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The Last Things, Part IV: Judgement
Posted By Eric Sammons On November 4, 2010 @ 7:54 am In Spirituality | Comments Disabled
Immediately after death each one of us will be asked to give an accounting of our lives. There are two fundamental directions our lives can take: towards God or towards self. God, who is complete justice and mercy, will decide which direction our lives took and will grant us the fulfillment of that direction. This is Judgement.
The event of our judgement is a difficult concept for modern man to accept, for we are incessantly told that we must judge no one and no action. Yet it will be a judgement which determines our place of residence for all eternity. Every action in this life has tremendous meaning, and all our actions – ALL of them – are considered when it comes to our judgement. The magazine we stole as a teenager, the elderly man we helped find his home when we were in college, the friend we ignored in a time of crisis – all these actions and every other one will be used in determining our final home. At Judgement, light will be shone on every thing we did – and everything we could have done but did not.
When we face judgement, we no longer have any opportunity to change our lives for the better. The final chapter has been written and the book is now closed on our life. It is important to note that God’s judgement is not a superficial look at our lives, simply balancing our good and evil deeds and seeing which one comes out on top. Instead God takes a full look at the life of each person who faces judgement: every mitigating factor, every influence, every decision made in knowledge or in ignorance. All these things will be considered. And there is no appeal possible, and there is no appeal needed, for each person who is judged knows that the judgement is true.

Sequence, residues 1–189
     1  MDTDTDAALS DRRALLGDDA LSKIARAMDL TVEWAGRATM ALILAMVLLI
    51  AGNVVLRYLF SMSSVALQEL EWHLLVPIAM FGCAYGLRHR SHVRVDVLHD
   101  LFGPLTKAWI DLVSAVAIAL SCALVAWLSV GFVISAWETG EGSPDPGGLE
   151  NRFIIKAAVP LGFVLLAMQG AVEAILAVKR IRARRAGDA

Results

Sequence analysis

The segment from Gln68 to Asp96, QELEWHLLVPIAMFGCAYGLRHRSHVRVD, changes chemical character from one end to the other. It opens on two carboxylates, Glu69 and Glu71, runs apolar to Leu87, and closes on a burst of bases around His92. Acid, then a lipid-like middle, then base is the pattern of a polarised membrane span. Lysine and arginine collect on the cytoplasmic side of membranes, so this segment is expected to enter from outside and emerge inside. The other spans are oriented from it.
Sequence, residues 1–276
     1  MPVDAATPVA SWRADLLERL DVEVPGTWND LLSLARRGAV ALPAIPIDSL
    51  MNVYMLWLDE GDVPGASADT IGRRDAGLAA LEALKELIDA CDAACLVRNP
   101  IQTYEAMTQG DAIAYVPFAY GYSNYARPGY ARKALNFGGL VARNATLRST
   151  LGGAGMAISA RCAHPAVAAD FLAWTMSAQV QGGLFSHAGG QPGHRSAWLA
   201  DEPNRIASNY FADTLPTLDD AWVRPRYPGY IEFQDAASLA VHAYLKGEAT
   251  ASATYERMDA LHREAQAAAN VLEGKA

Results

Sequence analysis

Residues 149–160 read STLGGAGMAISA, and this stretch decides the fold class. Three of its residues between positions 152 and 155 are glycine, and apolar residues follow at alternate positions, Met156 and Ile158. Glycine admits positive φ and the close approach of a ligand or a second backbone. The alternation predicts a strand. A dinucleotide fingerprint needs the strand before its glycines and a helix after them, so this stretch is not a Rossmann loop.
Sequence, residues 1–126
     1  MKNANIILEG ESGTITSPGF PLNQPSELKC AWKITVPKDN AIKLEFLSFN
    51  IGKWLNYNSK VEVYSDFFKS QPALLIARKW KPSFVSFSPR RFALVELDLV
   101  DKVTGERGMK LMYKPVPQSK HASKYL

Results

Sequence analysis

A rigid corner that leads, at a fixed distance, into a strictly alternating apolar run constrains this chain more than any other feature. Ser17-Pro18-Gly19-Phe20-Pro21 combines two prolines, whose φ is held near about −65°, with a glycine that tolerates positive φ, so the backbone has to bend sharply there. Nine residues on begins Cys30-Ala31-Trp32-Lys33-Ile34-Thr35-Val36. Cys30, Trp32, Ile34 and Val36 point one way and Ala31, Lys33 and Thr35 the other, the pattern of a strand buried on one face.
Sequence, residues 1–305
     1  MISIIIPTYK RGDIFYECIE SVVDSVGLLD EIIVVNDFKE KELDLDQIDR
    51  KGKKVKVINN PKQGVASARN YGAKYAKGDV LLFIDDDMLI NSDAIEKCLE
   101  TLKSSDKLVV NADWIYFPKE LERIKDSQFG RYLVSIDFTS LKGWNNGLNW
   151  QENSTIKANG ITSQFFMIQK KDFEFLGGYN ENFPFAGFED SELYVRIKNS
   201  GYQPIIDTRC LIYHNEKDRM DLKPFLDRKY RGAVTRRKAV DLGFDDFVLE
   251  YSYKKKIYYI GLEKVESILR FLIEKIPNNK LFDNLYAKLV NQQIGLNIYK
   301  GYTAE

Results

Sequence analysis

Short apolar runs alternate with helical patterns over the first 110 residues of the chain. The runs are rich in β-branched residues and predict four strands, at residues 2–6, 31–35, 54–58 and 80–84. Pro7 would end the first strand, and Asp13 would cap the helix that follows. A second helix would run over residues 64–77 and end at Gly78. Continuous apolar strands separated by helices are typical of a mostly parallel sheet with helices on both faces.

One of the great mysteries of God is how He perfectly integrates justice and mercy. In our finite world these two realities often seem to be opposites and at loggerheads. Yet in God they are one reality: His justice is His mercy and His mercy is His justice. There is no tension or conflict between them. And at our judgement God’s justice and mercy will together determine the final outcome of our lives.
Yet every life is imperfect and selfish in some way and thus every person “deserves” to be found guilty of rejecting God. So how can anyone be saved? God judges each person through a special “prism”: the Passion of His Son, Jesus Christ. In a way, one could say that God wears blood-colored glasses at judgement, and the blood is the redemptive blood of Jesus. Under our own power, we could have no hope for salvation, but in light of the life, death and resurrection of Christ, we know that God can transform us and make us holy, as Christ is holy. It is only by the power of Christ that we can have any hope to hear the judgement, “well done, good and faithful servant…enter into the joy of your master.”
Article printed from Divine Life – A Blog by Eric Sammons: http://ericsammons.com/blog
URL to article: http://ericsammons.com/blog/2010/11/04/the-last-things-part-iv-judgement/
URLs in this post:
 Part I: http://ericsammons.com/2010/11/01/the-last-things-part-i-the-virtue-of-hope/
 Part II: http://ericsammons.com/2010/11/02/the-last-things-part-ii-eternity/
 Part III: http://ericsammons.com/blog/2010/11/03/the-last-things-part-iii-death/
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